RedBullCreationWith such short notice of the Red Bull Creation contest and so little time before the deadline, I had to come up with a project quickly that would fit into activities I already had planned for the Independence Day holiday weekend.  Also, there wasn’t time to order parts so it had to be a project that we could build with parts I already had or could obtain locally.

“A Better Fish Trap” was envisioned.  I had planned a fishing trip with the kids and this project would be fun for us all and should be a fairly quick build that shouldn’t occupy my entire weekend.

SleepingZWhen I go fishing there’s really only one type of fishing I’m interested in – CATFISHING!  Aside from saltwater fishing, there’s nothing better than sticking some chicken liver on a hook and tossing it out to the depths of a lake and waiting…for a monster cat.  Depending on how hungry the fish are feeling, you may wait minutes or hours before a hungry catfish finally takes the bait.  Depending on how relaxed you are, this could result in a missed opportunity.

2012-06-27 22.10.58With “A Better Fish Trap”, you’ll never lose another opportunity to yank a big fish out of the water.  The project was to build a stand that you would prop your fishing pole on.  When a fish bites the bait and causes the pole to be yanked, a “tug sensor” (aka momentary switch) would be switched and the Bullduino would play an alarm through a couple of Red Bull speakers (empty Red Bull cans with piezos inside them) to awaken alert the fisherman.  Since it is also popular to fish for catfish at night using multiple rods, I also added some RGB blinky LEDs to the bottom of the cans that provide a visual indicator of which pole needs the attention.  What catfish could resist the call of disco lights and piezo music?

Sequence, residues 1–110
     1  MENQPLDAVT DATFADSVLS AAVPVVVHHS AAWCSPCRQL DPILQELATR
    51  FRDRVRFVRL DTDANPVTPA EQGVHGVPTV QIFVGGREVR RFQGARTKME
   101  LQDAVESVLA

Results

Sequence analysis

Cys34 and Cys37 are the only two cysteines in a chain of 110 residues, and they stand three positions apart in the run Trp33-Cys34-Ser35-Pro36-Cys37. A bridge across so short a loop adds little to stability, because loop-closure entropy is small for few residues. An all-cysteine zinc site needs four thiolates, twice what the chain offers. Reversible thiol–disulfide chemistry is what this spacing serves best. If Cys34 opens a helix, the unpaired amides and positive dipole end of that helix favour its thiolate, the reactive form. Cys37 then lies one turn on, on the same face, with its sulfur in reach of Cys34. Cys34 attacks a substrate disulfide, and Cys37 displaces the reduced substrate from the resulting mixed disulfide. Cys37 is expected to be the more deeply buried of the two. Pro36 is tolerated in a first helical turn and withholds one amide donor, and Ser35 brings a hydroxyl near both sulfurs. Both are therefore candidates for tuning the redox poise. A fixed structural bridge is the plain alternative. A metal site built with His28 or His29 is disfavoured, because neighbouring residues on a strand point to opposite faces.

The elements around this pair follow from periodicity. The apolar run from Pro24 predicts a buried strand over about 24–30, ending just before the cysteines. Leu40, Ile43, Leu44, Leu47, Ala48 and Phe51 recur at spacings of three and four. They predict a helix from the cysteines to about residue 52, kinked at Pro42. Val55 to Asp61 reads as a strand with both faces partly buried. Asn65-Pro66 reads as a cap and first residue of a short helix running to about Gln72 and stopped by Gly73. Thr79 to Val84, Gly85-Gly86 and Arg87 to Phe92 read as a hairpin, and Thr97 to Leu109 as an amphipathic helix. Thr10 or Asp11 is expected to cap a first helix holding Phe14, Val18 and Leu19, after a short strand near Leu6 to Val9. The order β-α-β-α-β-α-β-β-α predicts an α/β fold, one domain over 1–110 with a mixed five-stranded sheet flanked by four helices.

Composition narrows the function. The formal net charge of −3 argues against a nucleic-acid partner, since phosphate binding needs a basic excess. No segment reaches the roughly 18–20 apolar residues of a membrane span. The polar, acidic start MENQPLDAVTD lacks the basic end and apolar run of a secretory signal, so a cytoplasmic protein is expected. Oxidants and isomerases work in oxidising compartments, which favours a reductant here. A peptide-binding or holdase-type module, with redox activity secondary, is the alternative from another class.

Here’s the submitted video with build details in the last part of it.  If anything isn’t obvious, feel free to comment below and I’ll fill in the gaps.

2012 Red Bull Creation–A Better Fish Trap

Electrically, the Bullduino is very under-utilized.  If I’d had time to order parts, I would have probably gone overboard and ordered an accelerometer to use instead of the momentary switch.  This would have perhaps made the physical build a bit simpler and created more programming work.  This might have made the project a little more interesting academically.  However, the project worked perfectly as it is designed.  Here’s the full schematic.

Bullduino Fish Detector Schematic

The arduino code is equally simple.  Basically, it waits for the momentary switch to be triggered and then responds by activating the blinky RGB LEDs and playing tones through the piezo speakers.  Examples of doing both are in the built-in Arduino examples but if you would like the code, feel free to ask and I’ll send it to you.

This was a quick fun project that I got to have fun & share with the family.  Many thanks go out to the Red Bull folks for helping to inspire so many with such a wonderful contest.  I’m already looking forward to next year’s Bullduino!